Introduction to important concepts in Statistics

Esteban Montenegro-Montenegro, PhD

Department of Psychology and Child Development

Reality, Nature, Science, and Models

  • It might seem trivial to talk about nature and how science related to nature. However, we will study nature when we study statistics.

  • As Westfall & Henning (2013) mentioned in their book: “Nature is all aspects of past, present, and future existence. Understanding Nature requires common observation—that is, it encompasses those things that we can agree we are observing” (p.1)

  • As psychologist we study behavior, thoughts, emotions, beliefs, cognition and contextual aspects of all the above. These elements are also part of nature, we mainly study constructs, I will talk about constructs frequently.

  • Statistics is the language of science. Statistics concerns the analysis of recorded information or data. Data are commonly observed and subject to common agreement and are therefore more likely to reflect our common reality or Nature.

Reality, Nature, Science, and Models II

  • To study and understand Nature we must construct a model for how Nature works.

  • A model helps you to understand Nature and also allows you to make predictions about Nature. There is no right or wrong model; they are all wrong! But some are better than others.

Statistical Models

  • We will focus on mathematical models integrated by equations and theorems.

  • Models cannot reflect exactly how Nature works, but it is close enough to allow us to make predictions and inferences.

  • Let’s create a model for driving distance.Imagine you drive at 100 km/hour, then we can predict your driving time \(y\) in hours by creating the following model: \(y = x/100\)

  • You could plug in any value to replace \(x\) and you’ll get a prediction:

  • Example:

\[\begin{align} y &= 300 km/100 \\ y & = 3 hours \\ \end{align}\]

Model produces data

  • Pay attention to our model. The model just created produces data, if we replace \(x\) by other values, the model will give us new information:
km <- c(200,300,400,500,600,900,1000)
## Our model
time <- km/100
### Let's plot the information

p <- ggplot(data=data.frame(km,time), aes(x=km ,y=time)) +
    geom_line() +

    km time
1  200    2
2  300    3
3  400    4
4  500    5
5  600    6
6  900    9
7 1000   10

Model produces data II

  • A Model is like a recipe, it has some steps and rules that will help you to prepare a cake or a meal. The cake is your data.

Always remember!

Models produce data, data does not produce models!

  • You can use data to estimate models, but that does not change the fact that your model comes first, before you ever see any data.

  • You can use data to estimate models, but that does not change the fact that your model comes first, before you ever see any data.

Statistical Processes

Always remember!

The order matters, Nature is there before our measurements,the data comes after we establish our way to measure Nature.

Statistical Processes II

Westfall & Henning (2013) are doing an important distinction:

  • They present DATA with upper case to differentiate data with lower case. Why?

  • When we talk about Nature we are talking about infinite numbers of observations, from these infinite number of possibilities we extract a portion of DATA, this is similar to the concept of population. For instance, your DATA could be all the college students in California.

  • data (lowercase) means that we already collected a sample from that DATA. For example, if you get information from only college students from valley, you’ll have one single instance of what is possible in your population.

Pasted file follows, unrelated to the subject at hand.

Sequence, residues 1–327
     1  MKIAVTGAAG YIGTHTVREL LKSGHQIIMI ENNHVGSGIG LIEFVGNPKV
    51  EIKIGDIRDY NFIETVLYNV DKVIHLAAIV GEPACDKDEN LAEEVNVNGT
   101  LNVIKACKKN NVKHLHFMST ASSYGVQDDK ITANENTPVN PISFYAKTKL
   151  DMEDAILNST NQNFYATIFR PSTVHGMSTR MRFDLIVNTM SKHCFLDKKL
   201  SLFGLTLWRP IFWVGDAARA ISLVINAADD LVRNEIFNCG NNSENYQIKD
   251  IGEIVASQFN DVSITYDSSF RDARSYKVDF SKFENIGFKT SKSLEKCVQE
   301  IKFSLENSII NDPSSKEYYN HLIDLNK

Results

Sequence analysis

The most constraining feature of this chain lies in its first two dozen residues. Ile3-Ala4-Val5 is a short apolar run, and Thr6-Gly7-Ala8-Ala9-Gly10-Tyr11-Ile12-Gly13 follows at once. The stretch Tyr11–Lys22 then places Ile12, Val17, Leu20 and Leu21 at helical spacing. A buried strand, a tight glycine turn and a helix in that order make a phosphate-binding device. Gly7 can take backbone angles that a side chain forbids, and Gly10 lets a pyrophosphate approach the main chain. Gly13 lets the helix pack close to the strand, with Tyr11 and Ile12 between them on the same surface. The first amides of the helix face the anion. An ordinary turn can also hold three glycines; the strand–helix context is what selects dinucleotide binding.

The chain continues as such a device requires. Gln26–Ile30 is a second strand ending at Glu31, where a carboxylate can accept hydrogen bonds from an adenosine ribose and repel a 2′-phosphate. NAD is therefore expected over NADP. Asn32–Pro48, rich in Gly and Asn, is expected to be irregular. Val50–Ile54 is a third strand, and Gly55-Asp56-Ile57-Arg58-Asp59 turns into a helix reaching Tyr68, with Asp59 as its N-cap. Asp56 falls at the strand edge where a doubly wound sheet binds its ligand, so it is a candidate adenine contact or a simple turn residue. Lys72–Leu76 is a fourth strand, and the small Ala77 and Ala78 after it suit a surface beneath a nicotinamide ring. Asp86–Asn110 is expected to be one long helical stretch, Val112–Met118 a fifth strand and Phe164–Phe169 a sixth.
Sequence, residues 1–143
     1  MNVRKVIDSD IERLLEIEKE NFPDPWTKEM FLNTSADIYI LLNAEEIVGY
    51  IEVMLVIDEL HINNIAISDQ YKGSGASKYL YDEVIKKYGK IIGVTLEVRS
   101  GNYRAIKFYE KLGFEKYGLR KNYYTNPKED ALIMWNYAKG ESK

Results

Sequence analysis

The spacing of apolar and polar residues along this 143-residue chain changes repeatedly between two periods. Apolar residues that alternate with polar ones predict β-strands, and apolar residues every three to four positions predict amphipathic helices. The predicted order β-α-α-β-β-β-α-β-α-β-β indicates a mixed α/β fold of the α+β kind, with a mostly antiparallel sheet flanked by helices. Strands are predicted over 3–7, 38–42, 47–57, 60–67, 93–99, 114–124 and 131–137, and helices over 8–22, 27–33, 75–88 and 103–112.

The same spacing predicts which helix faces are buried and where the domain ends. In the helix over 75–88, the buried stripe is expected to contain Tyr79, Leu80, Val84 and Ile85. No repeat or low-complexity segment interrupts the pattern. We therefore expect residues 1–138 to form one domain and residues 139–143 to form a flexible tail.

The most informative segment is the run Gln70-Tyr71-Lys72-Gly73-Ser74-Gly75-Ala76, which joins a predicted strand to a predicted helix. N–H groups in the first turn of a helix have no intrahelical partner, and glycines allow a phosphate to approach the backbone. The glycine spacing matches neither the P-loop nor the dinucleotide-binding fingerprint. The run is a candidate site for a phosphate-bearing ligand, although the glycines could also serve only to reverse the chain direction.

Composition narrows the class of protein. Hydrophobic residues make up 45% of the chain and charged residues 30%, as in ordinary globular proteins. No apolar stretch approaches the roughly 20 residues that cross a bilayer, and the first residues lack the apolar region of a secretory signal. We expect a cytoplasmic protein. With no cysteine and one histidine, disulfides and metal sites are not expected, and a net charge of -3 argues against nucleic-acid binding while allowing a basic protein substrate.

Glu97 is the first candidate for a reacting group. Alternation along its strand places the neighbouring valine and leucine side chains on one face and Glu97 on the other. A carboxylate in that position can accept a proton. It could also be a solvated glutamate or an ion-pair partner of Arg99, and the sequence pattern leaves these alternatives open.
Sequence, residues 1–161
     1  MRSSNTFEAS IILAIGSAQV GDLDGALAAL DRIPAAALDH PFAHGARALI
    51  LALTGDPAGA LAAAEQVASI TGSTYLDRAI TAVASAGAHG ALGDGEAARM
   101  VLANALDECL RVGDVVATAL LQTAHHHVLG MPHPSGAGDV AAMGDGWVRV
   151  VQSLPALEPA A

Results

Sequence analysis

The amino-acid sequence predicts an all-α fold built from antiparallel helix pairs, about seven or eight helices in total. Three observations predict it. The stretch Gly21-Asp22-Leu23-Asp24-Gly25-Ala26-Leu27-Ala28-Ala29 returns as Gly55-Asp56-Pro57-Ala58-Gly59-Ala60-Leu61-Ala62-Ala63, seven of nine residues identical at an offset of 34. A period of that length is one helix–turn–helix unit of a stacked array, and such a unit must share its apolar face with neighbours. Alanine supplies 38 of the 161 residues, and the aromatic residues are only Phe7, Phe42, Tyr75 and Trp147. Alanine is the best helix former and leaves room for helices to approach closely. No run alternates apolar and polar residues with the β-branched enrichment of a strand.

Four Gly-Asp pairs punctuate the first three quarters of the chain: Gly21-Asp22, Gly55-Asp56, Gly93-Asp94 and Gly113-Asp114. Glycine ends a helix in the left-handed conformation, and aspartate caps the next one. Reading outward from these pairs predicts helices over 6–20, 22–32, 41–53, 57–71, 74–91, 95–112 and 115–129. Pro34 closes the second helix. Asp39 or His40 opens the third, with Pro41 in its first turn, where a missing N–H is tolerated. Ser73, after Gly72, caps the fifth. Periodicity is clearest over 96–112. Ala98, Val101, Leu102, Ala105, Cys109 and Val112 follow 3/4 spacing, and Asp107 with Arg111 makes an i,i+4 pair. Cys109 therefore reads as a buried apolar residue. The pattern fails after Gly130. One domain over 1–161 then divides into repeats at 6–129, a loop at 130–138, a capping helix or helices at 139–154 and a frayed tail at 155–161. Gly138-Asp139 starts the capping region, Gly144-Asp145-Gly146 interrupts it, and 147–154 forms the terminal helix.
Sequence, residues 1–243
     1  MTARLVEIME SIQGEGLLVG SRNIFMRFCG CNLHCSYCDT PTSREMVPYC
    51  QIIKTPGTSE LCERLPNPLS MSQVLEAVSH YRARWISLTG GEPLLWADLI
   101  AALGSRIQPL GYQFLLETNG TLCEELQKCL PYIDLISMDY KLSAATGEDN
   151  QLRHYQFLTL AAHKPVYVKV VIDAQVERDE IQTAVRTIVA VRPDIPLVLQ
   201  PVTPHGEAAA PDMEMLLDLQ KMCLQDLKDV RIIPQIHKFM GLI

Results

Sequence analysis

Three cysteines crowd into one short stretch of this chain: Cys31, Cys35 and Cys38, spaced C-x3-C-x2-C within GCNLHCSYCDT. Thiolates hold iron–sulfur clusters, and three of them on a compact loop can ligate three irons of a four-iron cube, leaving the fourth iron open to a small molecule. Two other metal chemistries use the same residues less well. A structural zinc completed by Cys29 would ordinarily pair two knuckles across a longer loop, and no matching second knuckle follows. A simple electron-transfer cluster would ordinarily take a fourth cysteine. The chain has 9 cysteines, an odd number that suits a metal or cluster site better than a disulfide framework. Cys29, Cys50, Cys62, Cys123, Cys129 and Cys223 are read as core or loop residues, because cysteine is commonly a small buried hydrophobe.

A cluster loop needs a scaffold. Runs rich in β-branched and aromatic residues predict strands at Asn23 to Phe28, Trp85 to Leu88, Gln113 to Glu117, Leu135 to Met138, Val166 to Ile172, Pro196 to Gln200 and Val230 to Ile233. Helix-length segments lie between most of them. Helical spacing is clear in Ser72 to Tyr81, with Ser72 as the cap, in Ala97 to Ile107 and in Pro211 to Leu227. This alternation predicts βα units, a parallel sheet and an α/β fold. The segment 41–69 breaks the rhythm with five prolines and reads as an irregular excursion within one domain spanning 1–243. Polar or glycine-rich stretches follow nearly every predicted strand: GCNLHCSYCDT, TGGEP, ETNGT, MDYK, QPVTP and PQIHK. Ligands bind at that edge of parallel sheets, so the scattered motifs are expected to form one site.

• Your data is the only way we have to say something about the DATA.

  • Prior collecting data, the DATA is random, unknown.

Statistical Processes III

More about models

  • We will use the term “probability model” , we will represent this term using: \(p(y)\) which translates into “probability of \(y\)”.

  • Let’s use the flipping coin example. We know that the probability of flipping a coin and getting heads is 50%, same probability can be observed for tails (50%). Then, we can represent this probability by \(p(heads) = 0.5\) or \(p(tail) = 0.5\).

  • This is actually a good model! Every time, it produces as many random coin flips as you like. Models produce data means: that YOUR model is a model the explains how your DATA will be produced!

  • Your model for Nature is that your DATA come from a probability model \(p(y).\)

Statistical Processes IV

  • Our model \(p(y)\) can be used to predict and explain Nature. A prediction is a guess about unknown events in the past, present or future or about events that might not happen at all.

  • It is more like asking “What-if” .For example, what if I had extra $3000 to pay my credit balance?

Deterministic vs. Probabilistic

  • In science, you’ll find models that are deterministic, that means; our outcome is completely determined by our \(x\)

Let’s see this example: Free Fall Calculator

  • In physics you’ll find several examples of deterministic models, especially from the Newtonian perspective.

  • Normally these models are represented with \(f(.)\) instead of \(p(.)\), for example the driving distance example can be written as \(f(x) = x/100\).

  • This symbol \(f(x)\) means mathematical function. The function will give us only one solution in the case of a deterministic mode. We plug in values and we get a solution. (\(y = f(x)\)).

Deterministic vs. Probabilistic II

  • Probabilistic models models assume variability , they are not deterministic, probabilistic models produce data that varies, therefore we’ll have distributions.

  • Probabilistic models are more realistic to explain phenomena in psychology.

  • The following expresion represents a probabilistic model:

\[\begin{equation} Y \sim p(y) \end{equation}\]
  • The symbol \(\sim\) can be read aloud either as “produced by” or “distributed as.” In a complete sentence, the mathematical shorthand \(Y \sim p(y)\) states that your \(DATA\) \(Y\) are produced by a probability model having mathematical form \(p(y)\).